Believed in Mormonism for 85 years

thelameduck July 2013

Born in the twenties.
Raised as an active member.
Served a 2 ½ year mission.
Served in the Army during the Korean War.
Married in the Temple: 8 children.

Held most of the ward jobs.
Served in 4 bishoprics.
Gospel Doctrine Teacher.
High priest Teacher.
Mia President.
Sunday School President
Scoutmaster twice.
Assistant Scoutmaster twice.
Read most Mormon Doctrinal Books.
Read several books about other religions.
Gave a two day class in a CA High School concerning the Mormon Religion.
Attended many BYU Education weeks.
Debated other preachers from other religions.
I loved the Joseph Smith Story.
Spent almost 2 years in hospitals when over 80 years old.
Worked for a large computer company.
Education in Aeronautical and Electrical Engineering.
Had and IBM PC two months before the PCs were released to the public.
Played hardball, softball and basketball. Mostly as a pitcher, or catcher.
Enjoy bicycling. After retirement, averaged 40 miles a day.
Still enjoy bicycling.
Then the internet came along. What a glorious invention.
Worked at the LDS Genealogical library.
Spent two years extracting name from various census.
Then the internet came along.
Then the internet came along.
Then the history of the beginning of the Mormon Church was researched and reported.
In Dec 2012, slowly I convinced myself that the history of the church, as found in LDS books, did not support the Joseph Smith Story.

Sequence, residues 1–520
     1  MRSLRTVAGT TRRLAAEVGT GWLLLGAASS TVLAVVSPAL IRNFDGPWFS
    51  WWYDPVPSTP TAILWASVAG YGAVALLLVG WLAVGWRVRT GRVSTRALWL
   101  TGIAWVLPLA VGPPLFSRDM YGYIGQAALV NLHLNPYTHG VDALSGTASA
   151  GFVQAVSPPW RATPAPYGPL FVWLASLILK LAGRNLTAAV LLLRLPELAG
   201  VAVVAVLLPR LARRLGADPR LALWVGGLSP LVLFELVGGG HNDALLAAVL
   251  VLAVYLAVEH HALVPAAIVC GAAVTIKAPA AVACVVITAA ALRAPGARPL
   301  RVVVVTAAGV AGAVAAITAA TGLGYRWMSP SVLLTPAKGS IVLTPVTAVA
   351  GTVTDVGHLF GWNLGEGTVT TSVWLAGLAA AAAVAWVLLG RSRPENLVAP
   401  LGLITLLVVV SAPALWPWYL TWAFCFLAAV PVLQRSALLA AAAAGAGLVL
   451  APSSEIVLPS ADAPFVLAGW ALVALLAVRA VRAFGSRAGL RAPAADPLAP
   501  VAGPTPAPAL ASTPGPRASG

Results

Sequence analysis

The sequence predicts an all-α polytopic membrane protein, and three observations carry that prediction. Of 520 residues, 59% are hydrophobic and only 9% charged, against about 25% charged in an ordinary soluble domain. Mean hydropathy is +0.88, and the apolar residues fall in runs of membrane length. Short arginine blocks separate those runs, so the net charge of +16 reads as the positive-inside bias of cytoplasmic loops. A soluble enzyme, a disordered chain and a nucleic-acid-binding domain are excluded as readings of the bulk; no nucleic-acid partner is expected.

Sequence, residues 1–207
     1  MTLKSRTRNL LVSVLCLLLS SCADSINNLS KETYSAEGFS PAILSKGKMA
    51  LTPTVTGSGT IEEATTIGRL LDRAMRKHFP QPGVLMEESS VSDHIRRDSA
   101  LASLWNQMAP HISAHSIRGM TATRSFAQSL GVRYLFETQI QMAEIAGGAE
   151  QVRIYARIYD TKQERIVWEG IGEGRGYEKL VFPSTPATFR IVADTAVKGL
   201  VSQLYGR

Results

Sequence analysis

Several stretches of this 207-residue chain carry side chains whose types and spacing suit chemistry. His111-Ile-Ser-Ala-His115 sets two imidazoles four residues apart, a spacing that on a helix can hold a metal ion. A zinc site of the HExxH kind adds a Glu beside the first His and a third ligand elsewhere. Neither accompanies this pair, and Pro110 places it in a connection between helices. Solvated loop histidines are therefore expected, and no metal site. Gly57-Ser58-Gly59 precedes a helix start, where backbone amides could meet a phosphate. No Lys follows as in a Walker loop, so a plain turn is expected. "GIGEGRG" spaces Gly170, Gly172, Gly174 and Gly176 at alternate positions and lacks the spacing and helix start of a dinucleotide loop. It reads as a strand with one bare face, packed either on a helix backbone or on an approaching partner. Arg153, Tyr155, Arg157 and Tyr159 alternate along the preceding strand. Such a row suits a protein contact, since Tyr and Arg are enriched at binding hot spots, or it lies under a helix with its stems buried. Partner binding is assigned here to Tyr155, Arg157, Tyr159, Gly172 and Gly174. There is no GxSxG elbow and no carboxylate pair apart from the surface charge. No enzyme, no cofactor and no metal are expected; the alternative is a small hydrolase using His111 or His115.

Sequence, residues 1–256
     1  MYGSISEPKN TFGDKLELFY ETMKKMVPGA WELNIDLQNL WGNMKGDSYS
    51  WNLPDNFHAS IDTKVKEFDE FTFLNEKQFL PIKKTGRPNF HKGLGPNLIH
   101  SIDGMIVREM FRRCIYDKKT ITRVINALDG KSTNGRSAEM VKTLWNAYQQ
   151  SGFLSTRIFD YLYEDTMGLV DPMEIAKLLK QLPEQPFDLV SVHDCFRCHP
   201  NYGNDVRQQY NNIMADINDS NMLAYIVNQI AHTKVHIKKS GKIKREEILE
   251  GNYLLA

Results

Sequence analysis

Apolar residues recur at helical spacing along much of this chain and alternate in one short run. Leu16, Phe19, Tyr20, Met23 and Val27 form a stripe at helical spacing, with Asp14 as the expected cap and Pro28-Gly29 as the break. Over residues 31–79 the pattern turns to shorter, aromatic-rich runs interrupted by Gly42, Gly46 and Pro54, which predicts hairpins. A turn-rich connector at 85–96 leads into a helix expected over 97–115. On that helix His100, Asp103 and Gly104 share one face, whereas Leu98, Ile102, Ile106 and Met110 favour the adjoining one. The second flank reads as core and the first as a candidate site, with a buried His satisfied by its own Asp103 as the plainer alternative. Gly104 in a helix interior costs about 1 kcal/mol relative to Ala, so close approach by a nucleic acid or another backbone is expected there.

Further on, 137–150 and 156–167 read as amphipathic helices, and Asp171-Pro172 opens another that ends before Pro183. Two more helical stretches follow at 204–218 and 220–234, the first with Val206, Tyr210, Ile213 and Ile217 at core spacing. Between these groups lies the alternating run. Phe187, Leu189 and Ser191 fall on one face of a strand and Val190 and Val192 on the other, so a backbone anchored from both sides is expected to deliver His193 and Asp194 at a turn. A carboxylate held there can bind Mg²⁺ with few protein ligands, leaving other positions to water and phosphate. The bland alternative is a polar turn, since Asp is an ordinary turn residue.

85 years as a TBM, only to have it all shown to be a big lie.
It started when I discovered that Joseph Smith used a Stone in a Hat to receive revelation to write the BofM.
That the stone he used was found while he and his brother were digging a well for a neighbor.
That he stood trial for using his stone, and was found guity in a court of law.
That he was arrested and taken to the Carthage jail for having destroyed the printing press that
was being used to print a story of his polygamy, etc. (the truth)
As I read and read about his life, I could find nothing that he contributed to mankind that was worth anything.
I discovered writings of Brigham Young indicating that is was an angel that came to Joseph Smith, not the Father and the Son. The first 4 presidents of the church never mentioned the 1st Vision.
Now how to I get the over 100 decedents in my family tree to wake up. What a totally wasted life I have lived.

Re: My life as a deceived Mormon
I thought I woke up late! I'm 62. At least you figured it out, not going through your entire life deluded. Congratulations. Even at 62, I realize I have left a wake of TBM's too. I have 7 kids, 6 of which are TBMs, and they are pumping out little TBM's at a frightening rate.
Re: My life as a deceived Mormon
What's important in life isn't what we do, it's who we share it with. You had lots of kids, and now lots of grandkids, etc. You didnt mention any estrangements, so I'm assuming you have a very rich life of people that love you.
Re: My life as a deceived Mormon
No sir! You've had a fascinating and rich life and you have accomplished much. You have served your country (we all thank you!) in a harrowing war and reared your children. No doubt you have been a stellar husband and family men.

There are probably many people in scouting, in church, and throughout your career you have influenced.

Your education in Aeronautical and Electrical Engineering is evidence of keen intelligence. How many people at 84 are on the internet, still educating themselves, still curious?
It shows that you have remained active, not stagnant!